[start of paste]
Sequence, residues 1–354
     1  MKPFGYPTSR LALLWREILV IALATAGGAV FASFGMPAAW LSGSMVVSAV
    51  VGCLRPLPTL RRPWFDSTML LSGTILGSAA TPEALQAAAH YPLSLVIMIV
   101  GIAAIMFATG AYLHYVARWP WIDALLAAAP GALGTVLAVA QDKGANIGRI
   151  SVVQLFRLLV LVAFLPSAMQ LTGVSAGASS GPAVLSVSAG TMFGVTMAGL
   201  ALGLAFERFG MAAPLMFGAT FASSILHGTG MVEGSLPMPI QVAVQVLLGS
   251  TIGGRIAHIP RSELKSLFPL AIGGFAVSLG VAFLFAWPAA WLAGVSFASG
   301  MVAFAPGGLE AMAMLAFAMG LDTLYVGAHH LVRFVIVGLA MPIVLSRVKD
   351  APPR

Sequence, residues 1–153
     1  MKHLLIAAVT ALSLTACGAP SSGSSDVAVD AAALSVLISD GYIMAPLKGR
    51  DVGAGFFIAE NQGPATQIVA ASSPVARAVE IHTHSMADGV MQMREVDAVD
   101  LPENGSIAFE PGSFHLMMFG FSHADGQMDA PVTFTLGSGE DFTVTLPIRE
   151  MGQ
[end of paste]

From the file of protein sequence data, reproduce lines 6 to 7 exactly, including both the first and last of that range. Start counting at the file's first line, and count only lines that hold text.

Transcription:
   201  ALGLAFERFG MAAPLMFGAT FASSILHGTG MVEGSLPMPI QVAVQVLLGS
   251  TIGGRIAHIP RSELKSLFPL AIGGFAVSLG VAFLFAWPAA WLAGVSFASG